Where should they go to fundraise do have any specific loopholes maybe for someone who, as someone who has already gone through the branches to have any specific advice to those who are just beginning in this field. 

No, I don't think there are any loopholes to the process. 

What I would say is that, like, any part of your business, you need to have a very clear strategy in that strategy needs to be based on both research and reality. 

And so what I sort of mean by that is that one you want to understand exactly what you wanted and why that really starts with understanding your long term vision for the company and also coming to a view around Nope 

what sort of milestones you need to hit to get to the next level, and then modeling out what sort of capital is required once, you know,
what you need him, 

why you can start to sort of slice the investor universe based on who sort of works within that space within your sector has done deals at that stage 

in your industry,
or,
you know,
in your region,
or in your problem space and then once you have that list of,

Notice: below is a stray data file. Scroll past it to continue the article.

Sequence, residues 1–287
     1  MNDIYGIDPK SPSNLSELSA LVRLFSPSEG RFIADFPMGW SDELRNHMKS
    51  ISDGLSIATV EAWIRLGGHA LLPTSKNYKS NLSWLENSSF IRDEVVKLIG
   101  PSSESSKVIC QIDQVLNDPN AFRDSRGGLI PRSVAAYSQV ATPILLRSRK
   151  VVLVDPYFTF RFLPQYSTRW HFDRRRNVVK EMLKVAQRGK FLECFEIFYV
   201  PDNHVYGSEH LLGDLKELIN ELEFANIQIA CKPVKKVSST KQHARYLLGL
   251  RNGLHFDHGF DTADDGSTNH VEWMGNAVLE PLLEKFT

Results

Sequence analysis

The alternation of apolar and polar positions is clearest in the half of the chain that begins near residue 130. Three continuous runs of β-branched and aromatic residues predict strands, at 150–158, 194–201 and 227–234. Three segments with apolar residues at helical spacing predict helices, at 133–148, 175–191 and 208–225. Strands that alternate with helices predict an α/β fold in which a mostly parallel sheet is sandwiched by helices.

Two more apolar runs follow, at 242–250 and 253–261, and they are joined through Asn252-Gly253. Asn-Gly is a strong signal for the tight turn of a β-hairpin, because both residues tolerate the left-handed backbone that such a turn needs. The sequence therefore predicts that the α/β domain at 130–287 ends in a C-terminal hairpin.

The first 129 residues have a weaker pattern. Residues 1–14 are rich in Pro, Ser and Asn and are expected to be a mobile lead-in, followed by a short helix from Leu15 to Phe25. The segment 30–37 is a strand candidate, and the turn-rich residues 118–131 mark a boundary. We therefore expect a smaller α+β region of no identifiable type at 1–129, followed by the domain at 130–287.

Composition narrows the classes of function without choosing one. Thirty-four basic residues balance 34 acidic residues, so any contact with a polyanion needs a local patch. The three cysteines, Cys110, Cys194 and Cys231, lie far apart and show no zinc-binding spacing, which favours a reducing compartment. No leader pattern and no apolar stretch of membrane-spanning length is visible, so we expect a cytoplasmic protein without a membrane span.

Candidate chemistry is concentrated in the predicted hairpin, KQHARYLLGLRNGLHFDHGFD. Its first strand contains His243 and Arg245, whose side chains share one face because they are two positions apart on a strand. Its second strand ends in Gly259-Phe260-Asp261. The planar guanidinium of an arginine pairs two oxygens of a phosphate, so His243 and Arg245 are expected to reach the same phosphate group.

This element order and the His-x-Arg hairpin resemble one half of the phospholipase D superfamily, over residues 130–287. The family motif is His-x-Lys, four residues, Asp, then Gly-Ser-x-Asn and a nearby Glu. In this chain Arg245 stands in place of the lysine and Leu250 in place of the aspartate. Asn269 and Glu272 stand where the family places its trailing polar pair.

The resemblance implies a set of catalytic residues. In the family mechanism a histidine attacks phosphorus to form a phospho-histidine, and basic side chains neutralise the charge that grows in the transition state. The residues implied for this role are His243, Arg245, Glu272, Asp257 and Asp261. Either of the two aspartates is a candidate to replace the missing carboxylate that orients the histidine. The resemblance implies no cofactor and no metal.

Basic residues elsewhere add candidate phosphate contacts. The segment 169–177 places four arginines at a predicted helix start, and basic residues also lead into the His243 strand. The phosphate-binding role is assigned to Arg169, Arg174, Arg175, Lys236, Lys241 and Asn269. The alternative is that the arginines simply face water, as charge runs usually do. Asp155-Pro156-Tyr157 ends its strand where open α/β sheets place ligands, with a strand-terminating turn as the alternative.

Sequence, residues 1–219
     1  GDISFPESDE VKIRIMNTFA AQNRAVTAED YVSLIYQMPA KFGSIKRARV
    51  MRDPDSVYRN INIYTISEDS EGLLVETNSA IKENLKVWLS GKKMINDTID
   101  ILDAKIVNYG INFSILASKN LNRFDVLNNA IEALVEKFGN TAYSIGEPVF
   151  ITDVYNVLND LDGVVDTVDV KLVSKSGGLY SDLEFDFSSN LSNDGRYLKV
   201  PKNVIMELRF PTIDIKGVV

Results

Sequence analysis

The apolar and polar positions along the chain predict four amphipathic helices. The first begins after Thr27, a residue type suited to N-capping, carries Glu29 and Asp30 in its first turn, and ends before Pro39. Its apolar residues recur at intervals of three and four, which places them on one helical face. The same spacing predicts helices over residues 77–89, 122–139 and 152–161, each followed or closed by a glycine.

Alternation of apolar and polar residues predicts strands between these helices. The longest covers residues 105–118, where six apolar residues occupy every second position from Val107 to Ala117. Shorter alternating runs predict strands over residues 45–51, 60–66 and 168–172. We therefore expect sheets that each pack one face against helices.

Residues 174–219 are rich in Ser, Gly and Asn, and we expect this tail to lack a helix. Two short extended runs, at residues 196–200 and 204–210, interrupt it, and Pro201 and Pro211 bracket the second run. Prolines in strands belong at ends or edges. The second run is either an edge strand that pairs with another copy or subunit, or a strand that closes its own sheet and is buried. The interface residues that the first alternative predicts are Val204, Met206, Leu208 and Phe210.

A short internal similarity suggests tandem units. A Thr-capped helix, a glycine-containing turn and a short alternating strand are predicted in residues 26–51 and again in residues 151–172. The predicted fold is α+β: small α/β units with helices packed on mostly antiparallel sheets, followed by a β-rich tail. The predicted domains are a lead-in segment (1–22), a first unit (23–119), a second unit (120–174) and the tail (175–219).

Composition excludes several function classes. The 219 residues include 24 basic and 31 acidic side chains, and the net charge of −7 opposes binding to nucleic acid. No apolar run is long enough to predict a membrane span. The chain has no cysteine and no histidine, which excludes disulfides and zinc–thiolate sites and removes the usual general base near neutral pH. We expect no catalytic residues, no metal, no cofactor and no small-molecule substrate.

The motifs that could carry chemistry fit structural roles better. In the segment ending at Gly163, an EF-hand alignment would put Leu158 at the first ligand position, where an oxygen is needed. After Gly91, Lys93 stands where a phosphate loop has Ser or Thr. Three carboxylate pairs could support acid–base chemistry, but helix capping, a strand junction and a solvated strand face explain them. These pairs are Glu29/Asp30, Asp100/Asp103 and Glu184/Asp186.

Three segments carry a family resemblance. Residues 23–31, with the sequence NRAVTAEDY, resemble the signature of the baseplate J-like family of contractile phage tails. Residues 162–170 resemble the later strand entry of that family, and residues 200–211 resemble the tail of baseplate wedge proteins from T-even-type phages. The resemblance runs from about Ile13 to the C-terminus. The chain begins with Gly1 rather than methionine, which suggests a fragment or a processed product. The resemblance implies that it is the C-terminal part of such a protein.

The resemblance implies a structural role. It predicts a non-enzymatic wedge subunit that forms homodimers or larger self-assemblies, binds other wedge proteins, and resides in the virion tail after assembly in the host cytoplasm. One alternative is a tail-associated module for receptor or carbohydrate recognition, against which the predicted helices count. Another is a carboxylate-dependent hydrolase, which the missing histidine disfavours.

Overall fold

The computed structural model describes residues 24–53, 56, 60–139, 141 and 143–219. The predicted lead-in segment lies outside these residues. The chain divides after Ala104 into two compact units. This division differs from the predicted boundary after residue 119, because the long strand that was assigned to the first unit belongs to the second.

let's say twenty individual investors who do investment activity at the scale, that would be the perfect fit for you to solve that. 

Next challenge and get to the next level of scale. Now, you're at sort of like a. 

A sales funnel, which is you have twenty leads, you need to figure out how to get from lead to opportunity. I had to get to a meeting and then once you get to a meeting, you know, how do you move from meeting to close? 

So, whether you want to think of, as a consumer acquisition funnel or sales acquisition funnel, it's basically the same concept. 

But I think the part that a lot of skipped, 

they skipped that that research and segmentation phase and they just start sort of spraying around and that sort of leads to a very, 

very,
very low hit rate and a lot of frustration.
So that, you know, that would be my advice is do the homework upfront to create a relatively short list, 
and then go diligently, one by one and working sort of each opportunity to conclusion. And if you go over twenty, that's fine. 

You tee up the next twenty with the same process. You do it all over again. 

Right, right yeah, actually, I hang up a little bit. That's perfect advice, you know, creating those lists making, like, really good research, find some ice breakers there.